There are also what I will call “reputation aggregators” (often referred to by the community as blocking lists), which offer neutral, third-party scaling mechanisms. Mailbox operators provide these actors with real-time data feeds about which networks are sending abusive messages. When these reputation aggregators see the same kind of abuse, originating from the same network, reported by mailbox operators all over the world—and also see similar abuse from their own honeypots—they have sufficient evidence to issue a public reputation advisory. In effect, the reputation aggregator publicly announces, “We have seen sufficient evidence, from diverse sources, that network X is consistently sending abusive messages. We recommend you block messages from network X until we remove this advisory.” In turn, mailbox operators around the world use these recommendations to block messages from abusive networks, protecting end users while staying out of the way of everyday workflows.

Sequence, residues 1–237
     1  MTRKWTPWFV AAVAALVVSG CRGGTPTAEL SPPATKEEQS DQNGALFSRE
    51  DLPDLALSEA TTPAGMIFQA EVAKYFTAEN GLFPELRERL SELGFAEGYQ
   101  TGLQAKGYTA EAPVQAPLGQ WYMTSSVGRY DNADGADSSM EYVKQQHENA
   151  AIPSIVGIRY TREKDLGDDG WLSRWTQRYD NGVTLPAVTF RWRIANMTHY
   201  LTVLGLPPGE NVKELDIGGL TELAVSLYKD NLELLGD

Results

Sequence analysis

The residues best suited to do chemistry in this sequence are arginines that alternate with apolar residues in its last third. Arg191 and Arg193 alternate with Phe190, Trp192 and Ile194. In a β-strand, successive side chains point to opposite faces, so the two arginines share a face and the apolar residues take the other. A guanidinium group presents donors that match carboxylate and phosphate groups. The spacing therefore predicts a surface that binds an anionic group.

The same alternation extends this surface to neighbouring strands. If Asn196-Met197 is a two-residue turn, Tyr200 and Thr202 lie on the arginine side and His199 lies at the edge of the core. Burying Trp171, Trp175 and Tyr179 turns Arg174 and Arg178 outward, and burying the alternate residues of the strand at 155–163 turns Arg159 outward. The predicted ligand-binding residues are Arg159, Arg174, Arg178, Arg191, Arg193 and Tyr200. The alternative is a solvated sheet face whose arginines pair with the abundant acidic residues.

Reputation is not only an enforcement mechanism—it is also a signaling mechanism. In some cases, an actor new to the messaging industr, who is not yet part of the anti-abuse community, simply may not know the rules. A reputation “ding” is one way to signal that there are rules, and that there are also consequences to violating those rules. The anti-abuse community publishes its best practices and is quite willing to help newcomers find their way; once the newcomer eliminates the source of abusive messaging, reputation aggregators will recognize the change in their data feeds and remove the blocking advisory. In the successful case, these new entrants embrace anti-abuse norms as good business practices. As they develop their own monitoring tools, the newcomers soon become good remediators: networks that quickly recognize when they have an abusive actor on their network, often before reputation aggregators, and quickly resolve the problem. Reputation aggregators recognize this credible commitment and often opt to send these actors private signals rather than publishing public advisories. Such a private signal reduces impact on the good remediator, improves industry relations, and ultimately improves the good remediator’s bottom line.